Help Wanted: Healthcare

In 2013, JPMorgan Chase launched a series of investments now totaling $325 million toward national workforce development and career education. The program included an initial grant of $3 million to launch the Healthcare Workforce Collaborative in Chicago, a city in which the bank identified more than 14,000 well-paying healthcare jobs that needed to be filled annually. The Chicago initiative, a sector strategy, is being operated by Advocate Health Care, the largest health provider in Illinois.

“Our program,” says Advocate’s Pryor, “is really about helping individuals from disadvantaged communities have access to healthcare career jobs that are middle-skill-based.” He calls the program “employer-led, demand-driven. 

“Having this pipeline is an opportunity for us to fill jobs quickly,” says Pryor. The retention rate among employees who have completed the program, he says, is 96 percent.

Career pathways not only prepare workers for employment but support their advancement in high-demand occupations. Career pathways also can be embedded within sector initiatives, such as the one at Advocate.

“It’s a lot about promotion,” says Pryor. “It’s about increasing wage potential, providing options. So we’ve developed an incumbent worker strategy that’s all about investing in our frontline workforce. We provide tools and resources, and we have a career map document where we can show them where they are and how they can progress forward.”

The Apprentice

According to the U.S. Department of Labor, in 2016, about 505,000 people held apprenticeships across the land, a number President Trump hopes to boost by committing some $200 million to a national apprenticeship program he announced in mid-June.

Despite its small size, but boosted by a tax credit that encourages employers to hire apprentices and by a network of 16 technical colleges, South Carolina ranks in the upper echelon of states with 524 active apprenticeship programs. By comparison, Alabama supports 91 apprenticeship programs, Arkansas 82 and Colorado 201.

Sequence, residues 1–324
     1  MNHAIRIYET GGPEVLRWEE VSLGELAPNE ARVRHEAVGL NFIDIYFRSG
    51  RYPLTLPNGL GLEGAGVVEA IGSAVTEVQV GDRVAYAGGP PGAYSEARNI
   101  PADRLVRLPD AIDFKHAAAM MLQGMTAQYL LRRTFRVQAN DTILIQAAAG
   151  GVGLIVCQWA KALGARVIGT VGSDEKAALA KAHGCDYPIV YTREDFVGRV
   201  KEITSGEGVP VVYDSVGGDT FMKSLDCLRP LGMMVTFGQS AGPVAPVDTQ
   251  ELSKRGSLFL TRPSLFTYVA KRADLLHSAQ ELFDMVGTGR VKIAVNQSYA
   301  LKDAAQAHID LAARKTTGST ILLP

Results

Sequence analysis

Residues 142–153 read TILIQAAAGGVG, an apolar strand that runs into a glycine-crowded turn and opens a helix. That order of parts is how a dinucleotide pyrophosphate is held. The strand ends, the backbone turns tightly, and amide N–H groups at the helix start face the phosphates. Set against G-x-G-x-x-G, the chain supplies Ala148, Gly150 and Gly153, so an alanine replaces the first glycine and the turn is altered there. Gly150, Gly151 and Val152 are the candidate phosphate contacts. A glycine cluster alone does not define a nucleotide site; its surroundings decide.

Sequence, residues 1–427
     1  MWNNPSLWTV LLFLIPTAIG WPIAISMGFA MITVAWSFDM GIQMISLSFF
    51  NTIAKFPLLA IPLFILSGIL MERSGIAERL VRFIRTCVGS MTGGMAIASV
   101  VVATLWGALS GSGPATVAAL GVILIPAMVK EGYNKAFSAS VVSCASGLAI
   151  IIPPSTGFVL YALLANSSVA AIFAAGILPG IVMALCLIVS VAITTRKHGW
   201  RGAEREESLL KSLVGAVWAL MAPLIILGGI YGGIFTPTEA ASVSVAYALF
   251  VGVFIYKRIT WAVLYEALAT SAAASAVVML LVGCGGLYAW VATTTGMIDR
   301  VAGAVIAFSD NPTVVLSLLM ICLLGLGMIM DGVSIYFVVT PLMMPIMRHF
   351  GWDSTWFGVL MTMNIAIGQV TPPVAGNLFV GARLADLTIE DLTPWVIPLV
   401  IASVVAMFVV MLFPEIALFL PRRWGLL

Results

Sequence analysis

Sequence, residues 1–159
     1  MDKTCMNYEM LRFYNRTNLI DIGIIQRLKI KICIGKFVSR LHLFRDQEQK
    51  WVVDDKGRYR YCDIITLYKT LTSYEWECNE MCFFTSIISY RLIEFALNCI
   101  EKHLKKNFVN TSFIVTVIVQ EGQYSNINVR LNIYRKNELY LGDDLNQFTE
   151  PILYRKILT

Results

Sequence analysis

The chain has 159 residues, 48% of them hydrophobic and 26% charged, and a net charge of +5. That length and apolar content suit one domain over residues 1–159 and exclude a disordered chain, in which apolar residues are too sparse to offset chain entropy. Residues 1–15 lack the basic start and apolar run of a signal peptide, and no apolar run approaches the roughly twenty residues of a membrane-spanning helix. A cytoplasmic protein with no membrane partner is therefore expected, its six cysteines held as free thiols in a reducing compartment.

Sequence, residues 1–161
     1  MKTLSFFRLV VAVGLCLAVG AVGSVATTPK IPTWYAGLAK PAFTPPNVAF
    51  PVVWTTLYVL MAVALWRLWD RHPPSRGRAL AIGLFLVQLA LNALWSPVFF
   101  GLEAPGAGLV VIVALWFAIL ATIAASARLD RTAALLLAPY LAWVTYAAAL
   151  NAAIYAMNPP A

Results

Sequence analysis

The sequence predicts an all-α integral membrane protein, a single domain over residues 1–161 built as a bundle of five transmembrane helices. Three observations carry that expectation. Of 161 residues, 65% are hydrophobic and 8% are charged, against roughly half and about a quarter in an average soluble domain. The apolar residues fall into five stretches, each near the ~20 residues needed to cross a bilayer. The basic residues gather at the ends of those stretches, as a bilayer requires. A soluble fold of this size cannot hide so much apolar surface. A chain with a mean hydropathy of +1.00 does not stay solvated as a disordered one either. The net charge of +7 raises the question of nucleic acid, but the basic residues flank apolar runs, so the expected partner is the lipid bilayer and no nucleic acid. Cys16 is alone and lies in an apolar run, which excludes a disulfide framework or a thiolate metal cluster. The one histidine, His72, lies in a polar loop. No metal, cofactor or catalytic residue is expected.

“When we started the program back in 2007,” says Tim Hardee, “we had about 800 apprentices in the state. Now we have 26,000.” That includes apprentices in healthcare, IT, advanced manufacturing and other areas.

Germany-based Continental Tires chose Sumter, South Carolina, as the site of a $500-million manufacturing plant in 2011.

“When Continental came,” says Hardee, “the apprenticeship model was something they were very keen on. We brought in the local school district and started a local partnership between K-12 and the local technical college. It’s evolved now to where mechatronic students graduate with an apprenticeship and go to work for Continental. It’s the same model we’ve used with other companies, whether it’s BMW or Michelin.”

Since landing in South Carolina, Continental has expanded the Sumter plant and has more than doubled its payroll from 700 workers to 1,600. 

Gary Daughters
Senior Editor

Gary Daughters

Gary Daughters is a Peabody Award winning journalist who began with Site Selection in 2016. Gary has worked as a writer and producer for CNN covering US politics and international affairs. His work has included lengthy stints in Washington, DC and western Europe. Gary is a 1981 graduate of the University of Georgia, where he majored in Journalism and Mass Communications. He lives in Atlanta with his teenage daughter, and in his spare time plays guitar, teaches golf and mentors young people.